GraphQL: Designing APIs for the Internet of Everything

GraphQL is not just changing the way we think about APIs, but transforming how we build applications for the modern internet.

GraphQL was conceived when Facebook was rebuilding their mobile experiences in 2012 and later released to the public in 2015. GraphQL technology offers many features that make it greatly useful and helped it gain popularity. At its core, GraphQL questioned how we think about data and build APIs.

We explore GraphQL, the data query language, and go through a concrete example of designing and building new APIs. We explore the benefits of GraphQL and contrast it with other approaches. To understand why GraphQL is significant we need to think about how we build customer-facing experiences today.

Designing APIs for the Internet of Everything

Imagine that you are part of the new hot tech company, ‘Bookl.y’, the Netflix of Books. Bookl.y launched a great website and now you are tasked with extending the Bookl.y experience to smart TVs, phones, tablets, and smart glasses. Bookl.y is also considering new experimental mediums like voice and possibly launching their own hardware products.

Let’s start by looking at the challenges we will face building all these different experiences. We will specifically focus on data APIs.

Design Considerations for Modern Devices

You are giving wireframes for each device and you are asked to implement them. But you know designing websites is not like designing for other devices.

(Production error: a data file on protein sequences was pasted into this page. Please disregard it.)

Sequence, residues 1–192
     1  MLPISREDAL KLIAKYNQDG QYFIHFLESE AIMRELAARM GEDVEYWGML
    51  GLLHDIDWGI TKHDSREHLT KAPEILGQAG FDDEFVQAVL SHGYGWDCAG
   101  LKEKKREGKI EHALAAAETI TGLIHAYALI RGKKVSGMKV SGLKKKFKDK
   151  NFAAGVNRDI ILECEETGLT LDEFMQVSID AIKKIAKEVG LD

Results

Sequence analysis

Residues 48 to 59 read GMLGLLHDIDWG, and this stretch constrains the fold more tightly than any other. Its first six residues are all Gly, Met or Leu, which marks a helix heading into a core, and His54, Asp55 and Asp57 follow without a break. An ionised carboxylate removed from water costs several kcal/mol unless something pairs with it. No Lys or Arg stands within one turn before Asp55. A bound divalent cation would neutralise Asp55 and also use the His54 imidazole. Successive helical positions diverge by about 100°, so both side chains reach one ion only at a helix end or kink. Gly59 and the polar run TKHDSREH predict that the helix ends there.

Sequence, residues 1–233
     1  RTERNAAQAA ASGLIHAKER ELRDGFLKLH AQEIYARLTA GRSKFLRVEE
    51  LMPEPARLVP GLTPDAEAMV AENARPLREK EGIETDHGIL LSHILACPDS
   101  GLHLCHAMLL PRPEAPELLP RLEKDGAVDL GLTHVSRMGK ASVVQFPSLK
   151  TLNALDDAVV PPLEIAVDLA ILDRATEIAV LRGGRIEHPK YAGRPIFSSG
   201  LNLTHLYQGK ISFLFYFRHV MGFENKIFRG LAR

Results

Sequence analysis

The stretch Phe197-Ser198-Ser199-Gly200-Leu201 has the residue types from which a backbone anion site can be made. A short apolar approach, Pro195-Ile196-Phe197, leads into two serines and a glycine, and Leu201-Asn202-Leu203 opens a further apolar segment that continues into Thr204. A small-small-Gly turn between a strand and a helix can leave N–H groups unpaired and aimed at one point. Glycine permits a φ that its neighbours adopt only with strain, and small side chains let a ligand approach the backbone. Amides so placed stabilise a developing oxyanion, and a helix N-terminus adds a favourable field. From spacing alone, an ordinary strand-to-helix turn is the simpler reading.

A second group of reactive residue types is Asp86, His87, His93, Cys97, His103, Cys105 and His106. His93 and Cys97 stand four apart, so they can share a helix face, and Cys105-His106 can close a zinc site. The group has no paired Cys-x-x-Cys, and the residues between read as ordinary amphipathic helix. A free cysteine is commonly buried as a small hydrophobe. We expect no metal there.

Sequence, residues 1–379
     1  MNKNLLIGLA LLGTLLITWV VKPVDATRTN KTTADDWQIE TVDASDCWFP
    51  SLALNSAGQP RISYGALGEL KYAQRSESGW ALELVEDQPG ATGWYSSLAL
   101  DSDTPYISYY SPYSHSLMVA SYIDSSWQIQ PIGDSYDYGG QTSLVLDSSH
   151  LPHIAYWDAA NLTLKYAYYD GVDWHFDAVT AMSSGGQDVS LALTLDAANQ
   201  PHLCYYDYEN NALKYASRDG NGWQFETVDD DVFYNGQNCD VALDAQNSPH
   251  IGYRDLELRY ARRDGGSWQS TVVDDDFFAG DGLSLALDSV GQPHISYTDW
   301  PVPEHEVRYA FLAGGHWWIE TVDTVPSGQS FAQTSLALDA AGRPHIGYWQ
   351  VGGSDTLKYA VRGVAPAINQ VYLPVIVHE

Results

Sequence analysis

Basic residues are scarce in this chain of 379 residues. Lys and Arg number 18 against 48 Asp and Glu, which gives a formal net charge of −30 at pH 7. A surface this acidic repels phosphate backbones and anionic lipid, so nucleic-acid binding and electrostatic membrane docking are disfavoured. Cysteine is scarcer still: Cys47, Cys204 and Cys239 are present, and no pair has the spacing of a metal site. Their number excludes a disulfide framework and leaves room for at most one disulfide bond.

When you think about designing for mobile, you have to consider the small screen size, touch control gestures, slower internet speeds in contrast to desktops (and much slower internet speeds in less developed areas). Users might have set data limits for the download content, which will affect how you load images, audio, and video.

When you are designing for TVs, you have to consider the huge amount of screen real-estate, while also accounting for people sitting away from the screen. A TV is controlled using simple direction-based remote-controls (up, down, left, right, ok, cancel), and usually has access to a more reliable internet using wi-fi or wired connections than phones.

Tablets sit in the middle between mobile and TVs. Some tablets have smaller screen sizes, some are bigger. Some tablets run native apps (iOS devices) and some rely heavily on web-based apps (Chromebooks).

Then there are smart glasses or VR headsets. How do you design for those? The user’s view is totally immersed in your experience. The real estate is significantly different, the user’s viewpoint is small but the user can expand it by moving their head. You must be able to control everything using a few buttons (ideally just one).

When you consider voice or new hardware like headphones or new iPods, you have completely new considerations. Sometimes there are no screens at all and you must provide content via voice.

The complexity of designing APIs for all these cases is overwhelming. Even if you are able to roll-out a V1 API for all these devices, consider future changes. Changes in the future will require changes in many places for many devices. Managing different APIs for different devices/interfaces is a complex business.

Mapping Front-End Content to Data

Take a look at the wireframe for the main browse page for Bookl.y below. We have a featured book that takes over a big portion of the screen real estate while the rest of the page has a large number of books. Books have star-ratings. They might also have customer reviews displayed.